“Okay, let’s giddy up,” I said. “Hey I’ve got a question for ya, how did you get the name Bonsai anyway?”

“You don’t remember?” he said. “It was you that started it. Show and tell, first grade, Miss Elkin’s class. I brought in a Bonsai tree from home and you started calling me Bonsai Bonecki. It stuck, then after that everyone called me Bonsai Bonecki. I’ve always like the name too, you know.”

“I’ve gotta tell ya, I don’t remember any of that,” I said. “I’m glad you like the name though. Do you have your own Bonsai tree? Do you talk to it? I read somewhere that plants enjoy music and conversation.”

Damn I was high. As we cruised along, I opened the vent window, watching as the gust of air swirled with brilliant colors. The sunlight’s reflection danced on everything it touched. 

“Now I’m starting to get off too,” Bonsai said after awhile. “I dropped mine ten minutes after you. My legs feel like rubber. Do your legs feel like that?”

“What legs are you talking about?” I said. “My entire body is like Jello. I’m about to leave it behind and astral project. This shit is righteous, it’s magic, I feel like I’m floating.”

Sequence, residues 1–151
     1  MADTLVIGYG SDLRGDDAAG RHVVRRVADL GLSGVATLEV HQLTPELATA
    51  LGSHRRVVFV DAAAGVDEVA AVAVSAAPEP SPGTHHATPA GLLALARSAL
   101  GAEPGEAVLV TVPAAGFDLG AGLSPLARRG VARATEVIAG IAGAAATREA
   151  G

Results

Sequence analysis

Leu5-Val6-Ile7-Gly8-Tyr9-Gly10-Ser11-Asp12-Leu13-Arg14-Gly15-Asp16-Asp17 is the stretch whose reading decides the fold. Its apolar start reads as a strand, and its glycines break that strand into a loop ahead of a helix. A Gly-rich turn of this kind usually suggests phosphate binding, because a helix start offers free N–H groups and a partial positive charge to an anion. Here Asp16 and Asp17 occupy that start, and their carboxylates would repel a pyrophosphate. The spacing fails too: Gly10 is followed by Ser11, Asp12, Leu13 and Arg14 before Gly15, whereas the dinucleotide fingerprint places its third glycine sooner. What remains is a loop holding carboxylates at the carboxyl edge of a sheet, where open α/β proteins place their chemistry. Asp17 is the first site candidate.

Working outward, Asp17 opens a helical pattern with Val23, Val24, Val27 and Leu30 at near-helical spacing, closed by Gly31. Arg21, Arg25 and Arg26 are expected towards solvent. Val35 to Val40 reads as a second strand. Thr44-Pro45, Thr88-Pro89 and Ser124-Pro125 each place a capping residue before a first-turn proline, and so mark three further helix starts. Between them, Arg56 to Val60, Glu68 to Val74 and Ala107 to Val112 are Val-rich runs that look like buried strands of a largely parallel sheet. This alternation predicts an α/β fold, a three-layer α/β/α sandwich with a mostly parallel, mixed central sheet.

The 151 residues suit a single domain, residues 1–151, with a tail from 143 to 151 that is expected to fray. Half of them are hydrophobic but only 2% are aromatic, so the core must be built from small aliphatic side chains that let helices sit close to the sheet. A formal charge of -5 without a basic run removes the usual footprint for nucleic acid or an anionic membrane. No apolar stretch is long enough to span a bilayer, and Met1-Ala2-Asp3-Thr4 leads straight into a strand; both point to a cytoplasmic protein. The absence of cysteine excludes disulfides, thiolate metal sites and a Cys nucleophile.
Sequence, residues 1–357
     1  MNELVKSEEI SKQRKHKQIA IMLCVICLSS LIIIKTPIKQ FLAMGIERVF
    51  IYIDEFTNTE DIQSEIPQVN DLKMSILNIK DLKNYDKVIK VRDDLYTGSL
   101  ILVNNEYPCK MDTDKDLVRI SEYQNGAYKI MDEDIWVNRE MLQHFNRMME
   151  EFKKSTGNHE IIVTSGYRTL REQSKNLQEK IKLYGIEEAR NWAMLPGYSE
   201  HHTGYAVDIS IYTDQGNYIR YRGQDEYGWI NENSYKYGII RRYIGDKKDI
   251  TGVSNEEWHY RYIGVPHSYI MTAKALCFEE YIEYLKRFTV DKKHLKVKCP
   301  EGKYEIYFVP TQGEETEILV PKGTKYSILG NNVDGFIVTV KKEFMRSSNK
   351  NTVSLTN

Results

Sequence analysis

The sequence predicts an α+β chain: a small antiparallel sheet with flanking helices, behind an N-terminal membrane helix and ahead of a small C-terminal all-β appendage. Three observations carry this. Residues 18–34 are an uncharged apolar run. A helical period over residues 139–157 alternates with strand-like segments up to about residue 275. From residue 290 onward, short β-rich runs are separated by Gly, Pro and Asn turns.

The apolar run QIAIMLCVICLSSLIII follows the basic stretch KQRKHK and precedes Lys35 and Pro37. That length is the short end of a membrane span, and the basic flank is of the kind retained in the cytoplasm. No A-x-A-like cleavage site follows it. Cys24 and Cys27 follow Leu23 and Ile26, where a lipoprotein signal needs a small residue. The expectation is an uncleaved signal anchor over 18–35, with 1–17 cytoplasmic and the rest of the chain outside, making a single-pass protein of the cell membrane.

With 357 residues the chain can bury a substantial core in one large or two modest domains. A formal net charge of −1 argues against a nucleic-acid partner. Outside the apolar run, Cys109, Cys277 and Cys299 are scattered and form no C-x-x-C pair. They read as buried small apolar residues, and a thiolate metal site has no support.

“Don’t flip out man, I’m high and can’t handle it right now.” 

“Relax Bonsai, I’m not going to freak out, I’m having a great time.” 

I look out the windshield, not believing what I was seeing up ahead.

“Bonecki, look where the hell you’re going!”

I had no idea how we got there, but we were presently driving on the grass median of the highway, headed straight for the central pillar on the viaduct. 

“Bonsai, hit the brakes!”

“This music is driving me crazy,” he says while fiddling with the dial. “I hate the fucking Archies and this Sugar shit song…”

On impulse, I grabbed the steering wheel and pushed it to the left, causing us to veer into the oncoming traffic in the other lane. Miraculously, we weren’t killed right then and there, careening past every honking car.

Flying over the embankment, we exited the highway and landed in the bowling alley parking lot. Bonsai still had one hand on the radio dial and the other on the steering wheel, with my own foot pressed on the brake pedal.

“What the hell just happened Santiago?”

“I think you became distracted and drove on the wrong side of the road, but somehow we survived unscathed.”

“That was crazy man! We missed every car!”

“Maybe I should drive, what do you think?”

I wasn’t in any shape to drive myself, but I assumed I could do better than Bonecki in his state. He never answered back, just sat there with the engine still running, the radio blasting.

“Hey Bonsai, I think I’m gonna walk. We’re both too high to drive right now. I’ll tell you though, this really is top shelf dope!”

I closed the door and walked away singing, “Ah, sugar / Ah, honey, honey / You are my candy girl.” Why on earth was I singing this song? I hated the Archies too.